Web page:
Have you ever gotten fed up with the vague-orientalism of your standard New Age album? Have you ever listened to a Hearts of Space release and thought, “OK, I’m pretty sick of hearing about seasons, oceans, white people’s conception of ‘Africa,’ forests, and rain-forests. What other themes were they exploiting?” Have you ever wanted to open a Reki tent in a Louisiana Swamp? If you answered yes to any of these questions, then Tom Newman’s Bayou Moon is for you.
Continuing the rich tradition of theme albums on New Age labels, Bayou Moon is a weird and wonderful take on Cajun, Blues, and Zydeco music. It combines the basic motifs of these genres with occasional moments of Berlin-School synthesis, reverb drenched guitars, ominous bass progressions, and the occasional jaw-harp. The first track “Concerto De Mango in E-major” sounds someone tried to adapt Vangelis’ Antarctica (1983) for the bayou part of the Pirates of the Caribbean ride at Disneyland.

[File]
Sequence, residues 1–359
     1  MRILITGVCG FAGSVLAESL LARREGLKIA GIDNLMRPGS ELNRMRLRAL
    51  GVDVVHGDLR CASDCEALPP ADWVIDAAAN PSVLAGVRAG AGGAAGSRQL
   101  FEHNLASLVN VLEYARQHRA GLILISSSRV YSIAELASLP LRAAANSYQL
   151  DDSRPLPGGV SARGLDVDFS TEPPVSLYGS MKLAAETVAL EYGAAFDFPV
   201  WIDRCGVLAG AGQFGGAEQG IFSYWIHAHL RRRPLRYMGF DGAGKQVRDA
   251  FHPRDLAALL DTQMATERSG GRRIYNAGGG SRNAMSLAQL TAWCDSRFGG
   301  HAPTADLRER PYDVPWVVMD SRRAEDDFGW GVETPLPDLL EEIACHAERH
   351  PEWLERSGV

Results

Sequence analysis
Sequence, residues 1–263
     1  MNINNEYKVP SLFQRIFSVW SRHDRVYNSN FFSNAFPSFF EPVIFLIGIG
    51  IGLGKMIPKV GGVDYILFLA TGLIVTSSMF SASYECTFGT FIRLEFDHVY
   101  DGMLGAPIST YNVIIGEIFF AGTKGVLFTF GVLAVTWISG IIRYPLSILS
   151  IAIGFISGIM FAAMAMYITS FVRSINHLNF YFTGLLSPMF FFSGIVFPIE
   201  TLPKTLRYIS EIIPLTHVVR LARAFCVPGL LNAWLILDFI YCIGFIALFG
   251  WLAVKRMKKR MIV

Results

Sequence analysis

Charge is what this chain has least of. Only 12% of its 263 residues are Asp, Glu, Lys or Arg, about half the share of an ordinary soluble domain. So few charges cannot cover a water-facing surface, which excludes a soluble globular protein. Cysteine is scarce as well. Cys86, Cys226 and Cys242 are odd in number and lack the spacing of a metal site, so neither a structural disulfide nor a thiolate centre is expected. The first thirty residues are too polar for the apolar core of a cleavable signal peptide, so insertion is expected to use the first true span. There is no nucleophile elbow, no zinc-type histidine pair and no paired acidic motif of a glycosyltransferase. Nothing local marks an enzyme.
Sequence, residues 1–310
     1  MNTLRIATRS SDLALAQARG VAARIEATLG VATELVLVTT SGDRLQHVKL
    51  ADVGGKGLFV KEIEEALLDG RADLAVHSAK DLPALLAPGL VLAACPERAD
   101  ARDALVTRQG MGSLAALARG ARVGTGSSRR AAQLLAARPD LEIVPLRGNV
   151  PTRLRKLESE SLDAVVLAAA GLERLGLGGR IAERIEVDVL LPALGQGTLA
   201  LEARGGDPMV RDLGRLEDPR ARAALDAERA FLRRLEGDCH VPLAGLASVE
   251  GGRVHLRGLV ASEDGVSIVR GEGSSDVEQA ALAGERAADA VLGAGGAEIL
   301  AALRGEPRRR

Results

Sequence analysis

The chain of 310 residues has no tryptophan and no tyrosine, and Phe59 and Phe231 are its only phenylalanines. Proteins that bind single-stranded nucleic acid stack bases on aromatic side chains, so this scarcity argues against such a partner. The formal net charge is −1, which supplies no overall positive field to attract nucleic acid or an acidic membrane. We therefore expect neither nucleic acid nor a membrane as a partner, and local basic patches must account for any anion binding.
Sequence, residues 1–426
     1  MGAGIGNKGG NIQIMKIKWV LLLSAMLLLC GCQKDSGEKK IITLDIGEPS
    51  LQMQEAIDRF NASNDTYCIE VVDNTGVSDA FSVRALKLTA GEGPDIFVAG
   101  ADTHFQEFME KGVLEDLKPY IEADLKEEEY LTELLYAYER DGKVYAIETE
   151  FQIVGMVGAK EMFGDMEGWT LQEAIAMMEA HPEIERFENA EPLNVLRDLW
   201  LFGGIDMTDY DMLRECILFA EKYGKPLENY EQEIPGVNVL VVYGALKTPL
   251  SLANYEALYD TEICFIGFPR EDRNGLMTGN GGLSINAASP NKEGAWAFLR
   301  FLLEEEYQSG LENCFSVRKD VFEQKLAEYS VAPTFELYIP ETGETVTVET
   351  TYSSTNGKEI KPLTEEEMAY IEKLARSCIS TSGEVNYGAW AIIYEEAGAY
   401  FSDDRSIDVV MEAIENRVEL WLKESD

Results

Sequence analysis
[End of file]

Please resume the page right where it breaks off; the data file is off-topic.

Brooding ambient tracks like “Moonrise” and “Straw Dogs” are excellent listening, but for me the upbeat and jangling track “Gumbo Fling” takes the proverbial cake [or gumbo]. Though I constantly grapple with my love of this kind of New Age music and its issues of appropriation and essentialization [more on this in the near future], Bayou Moon is quirky, refreshing, and adventurous in a that way many themed New Age albums aren’t. Side note, Tom Newman is incidentally the guy who produced Mike Oldfield’s classic album Tubular Bells.
This is the perfect album for your next paddle down the Mississippi, documentary on the everglades, or just sitting around in your living room. Enjoy!
Gumbo Fling I:
Concerto De Mango in E-major: